The open space also fits their philosophy of having everything flexible and mobile in the new facility. For the Wilsons, who also grow the vast majority of what they sell in the garden center, it’s a philosophy that has taken some getting used to.

“It was tough making the transition in managing space from being a grower, where you want everything tight, to being a retailer, where you want everything very open and easy to shop,” Ned says. “They say the retail floor space should be 40 percent display and 60 percent open. That totally goes against the grain for me as a grower.” 

Good Neighbors

Without a standout structure to attract customers (until recently), strong marketing efforts have been critical for Wilson’s Garden Center. About three years ago they hired a TV and radio ad rep who came up with a creative idea to market the garden center. The campaign featured Ned and Mitzie standing behind plants so you only see their faces from their noses up – a la the neighbor Wilson character from the Home Improvement TV series. They’ve been doing it for a few years now with commercials and their billboards and other marketing materials. They have updated the program this year with their faces hidden by shovels.

“We’re always so amazed at how people react and that they recognize us,” Ned says. “People come up to us in the garden center and cover up the bottom of their face.”

To make the best use of all that open space, everything in the garden center is on rollers, from the benches (a new offering from Bench Systems) to the checkout counters. The wheeled benches also make merchandising and displays easier – you can load the bench in the back and simply roll it into place on the sales floor already stocked, he says. Things move easily from place to place to maximize the use of the space, highlight different products, or provide space for classes or events.

Benefits Of A New Structure
Wilson’s is typically closed from Christmas Eve until March 1, but with the new facility will now be open year round. By hosting events in the garden center and adding unique products like high-end pet food and birding supplies, Ned and Mitzie are confident they’ll have the traffic they need to remain profitable for the year.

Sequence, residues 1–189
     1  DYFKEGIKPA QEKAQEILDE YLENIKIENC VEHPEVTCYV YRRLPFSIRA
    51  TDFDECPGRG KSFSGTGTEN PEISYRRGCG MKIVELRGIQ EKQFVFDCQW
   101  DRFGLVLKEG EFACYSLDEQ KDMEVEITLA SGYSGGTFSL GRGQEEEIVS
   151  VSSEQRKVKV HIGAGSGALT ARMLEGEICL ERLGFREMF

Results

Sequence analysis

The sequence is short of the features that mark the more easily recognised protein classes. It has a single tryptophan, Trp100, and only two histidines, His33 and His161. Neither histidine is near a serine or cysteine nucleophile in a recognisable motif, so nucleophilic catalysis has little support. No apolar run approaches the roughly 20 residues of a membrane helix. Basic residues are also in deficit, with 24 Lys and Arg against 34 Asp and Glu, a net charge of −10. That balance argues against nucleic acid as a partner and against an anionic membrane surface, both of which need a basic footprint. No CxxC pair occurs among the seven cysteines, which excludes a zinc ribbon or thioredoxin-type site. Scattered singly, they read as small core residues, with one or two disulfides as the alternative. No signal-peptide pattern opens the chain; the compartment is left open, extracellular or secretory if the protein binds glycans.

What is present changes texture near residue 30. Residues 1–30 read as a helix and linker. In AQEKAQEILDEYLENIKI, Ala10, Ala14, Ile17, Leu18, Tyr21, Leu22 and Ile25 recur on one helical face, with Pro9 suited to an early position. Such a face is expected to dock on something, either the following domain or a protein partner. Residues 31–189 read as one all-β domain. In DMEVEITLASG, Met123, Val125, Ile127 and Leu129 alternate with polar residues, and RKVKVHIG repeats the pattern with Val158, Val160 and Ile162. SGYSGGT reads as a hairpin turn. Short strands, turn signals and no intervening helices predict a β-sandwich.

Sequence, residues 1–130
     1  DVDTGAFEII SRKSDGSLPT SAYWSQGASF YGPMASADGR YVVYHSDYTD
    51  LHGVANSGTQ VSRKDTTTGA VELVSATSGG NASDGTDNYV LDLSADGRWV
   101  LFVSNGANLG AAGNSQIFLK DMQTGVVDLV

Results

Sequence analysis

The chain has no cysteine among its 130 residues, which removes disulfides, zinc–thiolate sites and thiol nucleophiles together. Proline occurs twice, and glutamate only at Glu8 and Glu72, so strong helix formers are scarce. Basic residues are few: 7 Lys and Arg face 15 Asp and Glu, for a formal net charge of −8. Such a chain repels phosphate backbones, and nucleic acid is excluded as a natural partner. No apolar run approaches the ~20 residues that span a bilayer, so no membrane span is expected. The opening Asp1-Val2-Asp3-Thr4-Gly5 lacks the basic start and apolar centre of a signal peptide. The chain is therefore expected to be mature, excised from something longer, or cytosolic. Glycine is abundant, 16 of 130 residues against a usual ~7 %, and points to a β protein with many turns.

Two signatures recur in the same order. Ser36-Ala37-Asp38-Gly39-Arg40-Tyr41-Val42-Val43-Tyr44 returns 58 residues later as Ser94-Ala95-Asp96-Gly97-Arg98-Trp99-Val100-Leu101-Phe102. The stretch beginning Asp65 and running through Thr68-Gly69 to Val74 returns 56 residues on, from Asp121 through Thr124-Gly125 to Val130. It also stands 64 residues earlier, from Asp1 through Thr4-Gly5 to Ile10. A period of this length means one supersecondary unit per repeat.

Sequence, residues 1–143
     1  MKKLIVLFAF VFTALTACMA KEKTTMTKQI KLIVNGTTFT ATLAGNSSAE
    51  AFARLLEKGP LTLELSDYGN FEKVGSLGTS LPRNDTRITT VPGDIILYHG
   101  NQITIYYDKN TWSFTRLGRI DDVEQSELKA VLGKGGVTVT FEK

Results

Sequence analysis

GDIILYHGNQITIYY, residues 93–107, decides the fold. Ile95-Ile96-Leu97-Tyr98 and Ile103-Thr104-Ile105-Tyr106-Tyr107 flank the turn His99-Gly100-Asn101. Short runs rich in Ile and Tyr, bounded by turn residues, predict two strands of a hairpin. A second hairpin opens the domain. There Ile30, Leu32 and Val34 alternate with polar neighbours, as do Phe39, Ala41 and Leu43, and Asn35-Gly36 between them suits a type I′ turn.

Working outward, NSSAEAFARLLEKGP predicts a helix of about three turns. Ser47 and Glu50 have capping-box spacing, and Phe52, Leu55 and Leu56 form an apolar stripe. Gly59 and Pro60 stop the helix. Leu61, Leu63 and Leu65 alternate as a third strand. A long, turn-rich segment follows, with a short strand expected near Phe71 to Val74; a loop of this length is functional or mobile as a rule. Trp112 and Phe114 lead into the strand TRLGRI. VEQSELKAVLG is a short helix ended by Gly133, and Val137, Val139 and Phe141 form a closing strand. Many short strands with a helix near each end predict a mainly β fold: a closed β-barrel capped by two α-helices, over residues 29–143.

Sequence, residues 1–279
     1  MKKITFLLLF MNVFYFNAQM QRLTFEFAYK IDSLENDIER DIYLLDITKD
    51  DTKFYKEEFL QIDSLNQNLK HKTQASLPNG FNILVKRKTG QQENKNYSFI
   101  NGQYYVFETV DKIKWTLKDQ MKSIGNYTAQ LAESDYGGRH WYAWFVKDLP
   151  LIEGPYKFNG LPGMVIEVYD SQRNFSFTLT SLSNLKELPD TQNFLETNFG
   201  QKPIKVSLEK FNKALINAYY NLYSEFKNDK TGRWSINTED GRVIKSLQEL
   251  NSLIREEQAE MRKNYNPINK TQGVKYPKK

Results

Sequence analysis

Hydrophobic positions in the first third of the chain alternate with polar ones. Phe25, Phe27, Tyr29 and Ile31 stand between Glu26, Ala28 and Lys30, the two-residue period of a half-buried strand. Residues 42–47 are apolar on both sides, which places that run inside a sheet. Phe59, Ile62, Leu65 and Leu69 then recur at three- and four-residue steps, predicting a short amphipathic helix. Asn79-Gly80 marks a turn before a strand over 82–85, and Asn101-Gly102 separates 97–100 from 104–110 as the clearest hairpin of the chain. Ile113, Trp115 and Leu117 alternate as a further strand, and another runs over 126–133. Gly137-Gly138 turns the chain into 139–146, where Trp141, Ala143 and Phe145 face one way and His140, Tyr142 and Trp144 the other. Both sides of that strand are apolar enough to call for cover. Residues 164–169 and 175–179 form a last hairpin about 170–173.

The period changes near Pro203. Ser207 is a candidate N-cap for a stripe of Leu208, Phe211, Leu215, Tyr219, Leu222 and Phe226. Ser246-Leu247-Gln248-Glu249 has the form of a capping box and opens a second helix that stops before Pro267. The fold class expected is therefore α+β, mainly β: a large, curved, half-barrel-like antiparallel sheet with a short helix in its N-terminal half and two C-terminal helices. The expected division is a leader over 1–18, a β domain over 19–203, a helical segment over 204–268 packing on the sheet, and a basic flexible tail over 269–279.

Remaining open also allows them to keep their excellent staff on the payroll for the full year. Counting both production and retail, they employ 60 people in the spring, and 15 key people – department managers, etc. – year round.

“One of the goals of building was to support the staff we have without laying them off. The goal that time of year is not to add staff, but to use the new facility to keep the people we have,” Ned says. “Our staff has been very supportive of change, and we know that’s not always the case,” Ned says. “They embrace change and I love that in them. They’re not afraid of it, and we’re really thankful to have people here like that.”

The Wilsons don’t expect the new facility to shake up their customer mix too much, but they do expect to bring in more customers overall. “We are kind of a county seat garden center, so we don’t cater totally to the high end,” Ned says. “We do have some high-end items for those who want them. We don’t really have anything on the low end, though. Eclectic works for us. Our demographic is middle class. We’re almost a farming community, but we’re close to Columbus, too.”

And indications are that their customers are responding to the changes. In what has been a weird-weather spring, traffic and sales seems to be holding steady.

“Our grand-opening weekend was a little rushed due to the bad winter weather, but it was definitely a success,” Ned says. POS counts indicated more than 1,000 paying customers on Saturday and another 600-700 on Sunday. Saturday was our best April sales day ever.”

Richard Jones is the group editor for Greenhouse Grower and Today's Garden Center magazines.
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    2 comments on “Wilson’s Garden Center: Starting Fresh

    1. Anonymous

      hello.I am very impressed about your success story and I love gardening,just complited my studies doing horticulture. I want to venture in to gardening but dont know how to start from scratch. Voice, in Botswana

    2. Anonymous

      hello.I am very impressed about your success story and I love gardening,just complited my studies doing horticulture. I want to venture in to gardening but dont know how to start from scratch. Voice, in Botswana